The design of the CRM has a direct impact on the efficacy in either a positive or a negative way. Ignoring the design in the lust to save more money ultimately leads to a dull looking CRM system that ultimately repels the user and in turn lowers the productivity. This results in a lower return on investment. Indulging in lust for money while compromising on design can thus prove to be an expensive decision.

The design of the CRM should give the user a pleasant and a hassle-free experience. The dashboard and other functions should display the important commands comprehensively and in a legible format.

It is ultimately this experience that leads to an increase in user adoptions.

The new Salesforce is an excellent example of an organized design and a user-friendly CRM that is extremely intuitive to use. Besides, it also has the flexibility to completely customize the design as per the needs of the organization for most features.

How to solve it:

Have clean & clear design.

Professional looking design is as important to a digital product as is the hygiene to food business. Put it first. No shortcuts.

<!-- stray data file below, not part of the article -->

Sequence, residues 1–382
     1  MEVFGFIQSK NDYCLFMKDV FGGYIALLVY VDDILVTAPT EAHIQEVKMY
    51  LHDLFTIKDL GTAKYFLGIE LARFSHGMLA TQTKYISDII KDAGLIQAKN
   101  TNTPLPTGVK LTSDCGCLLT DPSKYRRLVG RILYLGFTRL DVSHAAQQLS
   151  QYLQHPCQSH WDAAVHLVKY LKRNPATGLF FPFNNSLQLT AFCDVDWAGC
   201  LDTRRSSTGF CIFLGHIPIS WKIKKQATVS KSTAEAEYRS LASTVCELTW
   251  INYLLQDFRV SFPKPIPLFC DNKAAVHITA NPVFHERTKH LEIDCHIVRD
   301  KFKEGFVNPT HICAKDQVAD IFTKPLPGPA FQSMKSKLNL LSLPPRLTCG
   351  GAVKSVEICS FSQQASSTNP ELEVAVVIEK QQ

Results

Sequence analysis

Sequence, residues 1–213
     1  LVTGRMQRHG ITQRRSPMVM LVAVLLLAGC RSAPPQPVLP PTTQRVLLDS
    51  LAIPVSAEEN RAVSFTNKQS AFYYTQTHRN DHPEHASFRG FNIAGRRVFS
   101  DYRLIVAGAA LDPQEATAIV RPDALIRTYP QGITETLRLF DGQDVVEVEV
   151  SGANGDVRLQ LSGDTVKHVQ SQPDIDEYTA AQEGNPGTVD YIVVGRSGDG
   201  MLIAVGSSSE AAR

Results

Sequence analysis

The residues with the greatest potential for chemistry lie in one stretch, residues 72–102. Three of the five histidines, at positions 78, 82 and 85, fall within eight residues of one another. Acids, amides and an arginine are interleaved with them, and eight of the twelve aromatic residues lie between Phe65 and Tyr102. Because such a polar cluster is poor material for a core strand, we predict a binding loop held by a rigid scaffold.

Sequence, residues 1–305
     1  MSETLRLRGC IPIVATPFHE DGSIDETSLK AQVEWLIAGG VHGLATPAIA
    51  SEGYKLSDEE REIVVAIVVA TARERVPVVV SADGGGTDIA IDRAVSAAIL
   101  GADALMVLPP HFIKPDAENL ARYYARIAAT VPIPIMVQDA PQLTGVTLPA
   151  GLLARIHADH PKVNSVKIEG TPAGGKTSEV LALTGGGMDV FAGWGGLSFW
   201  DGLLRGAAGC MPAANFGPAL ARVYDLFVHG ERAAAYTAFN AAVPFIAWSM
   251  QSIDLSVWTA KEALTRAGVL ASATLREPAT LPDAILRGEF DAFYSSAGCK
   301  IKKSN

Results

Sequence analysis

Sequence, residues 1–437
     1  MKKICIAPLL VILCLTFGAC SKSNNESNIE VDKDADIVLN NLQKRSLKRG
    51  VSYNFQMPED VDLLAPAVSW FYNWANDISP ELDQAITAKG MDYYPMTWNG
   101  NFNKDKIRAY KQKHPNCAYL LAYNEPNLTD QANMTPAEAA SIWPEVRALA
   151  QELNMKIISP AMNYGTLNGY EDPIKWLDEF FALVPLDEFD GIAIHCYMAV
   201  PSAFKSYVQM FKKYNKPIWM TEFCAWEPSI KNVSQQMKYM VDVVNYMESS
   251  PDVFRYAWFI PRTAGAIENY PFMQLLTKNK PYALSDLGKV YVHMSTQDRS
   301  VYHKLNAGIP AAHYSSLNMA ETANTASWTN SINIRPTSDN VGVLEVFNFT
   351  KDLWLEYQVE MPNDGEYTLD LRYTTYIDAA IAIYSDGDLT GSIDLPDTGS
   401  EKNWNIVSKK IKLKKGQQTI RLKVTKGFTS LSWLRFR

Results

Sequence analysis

Keep the design scalable.

5. Ignoring social media integration (Envy)

Ignoring Social Media

37% of B2B buyers ask questions on social media sites when looking for answers.

Like it or not, social media has become an inseparable part of people’s social as well as professional life. Several customers, B2B included, make purchase decisions based on reviews and comments on social media platforms. Today’s consumers are all about experiences more than the product or service. Therefore, every interaction with the customer including that on social media is critical.

Instead of envying the influence enjoyed by social media, it is best to have a CRM system that includes your social media interactions with customers. However, it is not enough to just gather & monitor the data. Social listening and actively engaging with the customers over social networking platforms such as Facebook, Twitter & LinkedIn is equally important. The benefit of integrating social media into your CRM system is that the social information received through social listening and the engagement can produce vital insight on consumer behaviour that can help companies effectively manage customer relationships. This ultimately benefits their bottom-line.

There are several social CRM tools in the market that help you keep tabs on your consumers such as – Insightly, Batchbook, Jive, Mzinga Omnisocial, Nimble etc.

Insightly allows social media integration to an extent where you can simply put in a contact’s email address and it detects virtually every social media profile related to that particular email address. You can see Twitter content and your contact’s public LinkedIn profile displayed in Insightly. Also, you can explore your contact’s public profile information on Facebook, LinkedIn and Twitter within just a click.